L = 1/2(2M + m) .y 2 - Mgy + m(y/l)g(y/2) = 1/2(2M + m) .y 2 - Mgy + 1/2mgy2/l
leading to the single Lagrange equation
 (2M + m) ..y + Mg - mg(y/l) = 0.      (1)
(a) for m = 0 we have a = - g/2, y = - (g/4)t2. For m ¹ 0 Eq (1) is solved via the usual particular solution (y = (m/M)g which is unphysical by itself) plus general solution of the homogeneous equation, an "oscillator with negative spring constant", whose solutions are exp, cosh, and sinh. Thus one obtains the answer in the back of the book.

17.(a) Let the coordinates be r, the distance of m from the hole (so that y = -(L-r) = r-L) and f, the angle that the string on the top makes with some fixed direction. Then the kinetic energy is T = 1/2 My·2 + 1/2m(r·2 + r2q·2) and U = Mgy. Put it together and use the constraint y = r-L to find the Lagrangian L

 L = 1/2 M .r 2 + 1/2m( .r 2 + r2 .q 2 ) - Mg(r-L).
The symmetries are: independence of q, independence of t.
(b) pq = L/q· = mr2q·,     H = T + U
(c)
 r-equation:     (M+m) ..r - mr .q 2 + Mg = 0

 (d)   M is stationary if ..r = 0, so .f 2 = Mg/mr hence the required velocity is v = r .f = _______Ö(M/m)gr .

18. (a) This system has translational symmetry, which will be exhibited if one coordinate X is the position of the RR car, and the other coordinate is position relative to the RR car. We use the book's q, then L is 1/2MX·2 + the first equation on p. 248 with (v0 + at) replaced by X·2, so

 L = 1/2(M+m) .X 2 + ml .X .q cosq + 1/2ml2 .q 2 + mglcosq
Then
 pX = ¶L/¶X· = (M + m) .X + ml .q cosq
is the horizontal component of the total momentum (car + pendulum). It is constant because there is no external force on the system in the horizontal direction (frictionless rails).
 q-equation, after some cancellation:    m(l2 ..q +l ..X cosq+ glsinq) = 0
(b) For small angles X¨ = - mlq¨/(M+m) hence M/(M+m)q¨ = -g/lq. For large M (RR car not moving) this gives the pendulum frequency of length l. For M=m we can think of M concentrated at the suspension, the CM is then halfway along the pendulum. Since it can stay fixed, the effective pendulum length is l/2, consistent with the above equation.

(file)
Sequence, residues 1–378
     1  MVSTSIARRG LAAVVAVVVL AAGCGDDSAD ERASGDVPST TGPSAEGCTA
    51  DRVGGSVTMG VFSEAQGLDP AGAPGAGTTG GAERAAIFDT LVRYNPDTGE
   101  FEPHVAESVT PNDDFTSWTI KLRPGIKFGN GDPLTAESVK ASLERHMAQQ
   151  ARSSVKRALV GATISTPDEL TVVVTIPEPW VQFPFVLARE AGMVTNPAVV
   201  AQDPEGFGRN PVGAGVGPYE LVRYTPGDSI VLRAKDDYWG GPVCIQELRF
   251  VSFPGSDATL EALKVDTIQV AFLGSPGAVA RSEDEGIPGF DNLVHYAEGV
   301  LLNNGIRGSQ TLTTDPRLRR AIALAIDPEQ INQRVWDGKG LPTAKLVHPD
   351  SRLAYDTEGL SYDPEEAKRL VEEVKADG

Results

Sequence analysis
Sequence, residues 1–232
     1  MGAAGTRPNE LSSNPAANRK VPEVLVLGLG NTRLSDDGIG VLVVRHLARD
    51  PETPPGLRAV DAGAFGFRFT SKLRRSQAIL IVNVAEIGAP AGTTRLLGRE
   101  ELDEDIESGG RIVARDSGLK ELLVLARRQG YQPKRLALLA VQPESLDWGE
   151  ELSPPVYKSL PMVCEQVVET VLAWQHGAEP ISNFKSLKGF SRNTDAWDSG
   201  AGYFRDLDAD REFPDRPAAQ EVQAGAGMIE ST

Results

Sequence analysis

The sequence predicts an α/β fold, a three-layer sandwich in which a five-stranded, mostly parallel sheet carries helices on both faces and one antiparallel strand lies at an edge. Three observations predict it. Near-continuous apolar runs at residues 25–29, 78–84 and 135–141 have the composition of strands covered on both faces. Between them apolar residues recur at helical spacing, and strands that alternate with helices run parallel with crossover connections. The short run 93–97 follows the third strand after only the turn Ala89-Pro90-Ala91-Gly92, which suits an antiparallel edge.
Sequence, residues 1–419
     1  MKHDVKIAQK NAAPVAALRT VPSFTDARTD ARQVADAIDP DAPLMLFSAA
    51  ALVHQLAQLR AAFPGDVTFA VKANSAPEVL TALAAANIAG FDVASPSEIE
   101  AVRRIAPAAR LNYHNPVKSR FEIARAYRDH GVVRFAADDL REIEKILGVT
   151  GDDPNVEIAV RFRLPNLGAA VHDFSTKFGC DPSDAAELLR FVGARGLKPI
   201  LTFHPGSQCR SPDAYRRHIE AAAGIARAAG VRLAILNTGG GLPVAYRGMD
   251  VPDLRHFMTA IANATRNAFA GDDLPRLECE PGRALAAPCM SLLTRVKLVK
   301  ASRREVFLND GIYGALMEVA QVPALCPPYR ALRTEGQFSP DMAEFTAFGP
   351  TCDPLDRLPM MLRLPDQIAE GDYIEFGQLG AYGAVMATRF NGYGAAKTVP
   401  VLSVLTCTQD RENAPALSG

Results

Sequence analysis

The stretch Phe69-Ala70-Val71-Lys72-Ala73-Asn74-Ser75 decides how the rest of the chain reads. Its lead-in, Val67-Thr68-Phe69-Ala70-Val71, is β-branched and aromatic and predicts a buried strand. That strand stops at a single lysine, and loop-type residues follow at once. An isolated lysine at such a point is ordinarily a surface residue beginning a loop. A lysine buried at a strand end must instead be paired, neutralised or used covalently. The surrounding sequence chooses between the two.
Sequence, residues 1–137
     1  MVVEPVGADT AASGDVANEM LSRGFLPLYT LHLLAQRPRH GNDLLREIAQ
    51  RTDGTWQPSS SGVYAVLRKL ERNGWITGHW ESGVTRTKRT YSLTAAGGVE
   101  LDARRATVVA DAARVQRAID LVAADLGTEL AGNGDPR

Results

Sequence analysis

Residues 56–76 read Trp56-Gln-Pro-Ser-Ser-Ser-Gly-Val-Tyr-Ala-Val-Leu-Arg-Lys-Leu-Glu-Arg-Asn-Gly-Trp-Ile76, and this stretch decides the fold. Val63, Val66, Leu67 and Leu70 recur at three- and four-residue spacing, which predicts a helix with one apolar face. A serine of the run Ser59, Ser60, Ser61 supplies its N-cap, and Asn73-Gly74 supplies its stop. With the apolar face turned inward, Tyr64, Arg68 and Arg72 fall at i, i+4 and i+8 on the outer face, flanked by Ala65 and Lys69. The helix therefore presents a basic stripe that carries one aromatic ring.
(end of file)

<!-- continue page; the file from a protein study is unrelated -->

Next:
19. Text 7-27
To get a q-independent Lagrangian you pretty much have to choose x, y coordinates of the CM, r distance between masses, q angle of the line between them; and use the familiar decomposition of the kinetic energy. The distance of m1 from CM is (m2/m1+m2)r and similar for m2, so the moment of inertia of the systems about the CM is (m1m2/m1+m2)r2 and we have for the lagrangian

 2L = (M+m)( .x 2 + .y 2 ) + m1m2m1+m2 ( .r 2 + r2 .q 2 ) - kr2
(a) The r-equation yields r¨ - rq·2 + kr = 0.
(b) Since x and y are cyclic their equations give px = const, py = const - conservation of total momentum.
Since q is also cyclic we have angular momentum conservation, pq = (m1m2/m1+m2)r2q· = const.

20. Text 7-11 From the geometry (figure to be supplied) we see that the particle is at angle f = wt + q/2 and radius r = 2Rcos(q/2) from the fixed point. To get v2 we use the polar coordinate expression in terms of r and f:
v2 =
×
r

2

+ r2
×
q

2

= 4R2 æ
ç
è
sin2  q

2
æ
ç
è
 × q

2
ö
÷
ø
2

+ cos2  q

2
æ
ç
è
w+
 × q

2
ö
÷
ø
2

ö
÷
ø
= R2 æ
è
×
q

2

+ (2cosq+ 2)w2 ö
ø
(2)
where we have used the double angle formula cos2a = 2cos2a-1 for a = q/2. Up to the factor 1/2 m, Eq (2) is the Lagrangian. Compared to the Lagrangian for a pendulum, 1/2 m (R2q·2 + gR(cosq-1) it agrees for 2w2 = g/R except for a unimportant additive constant.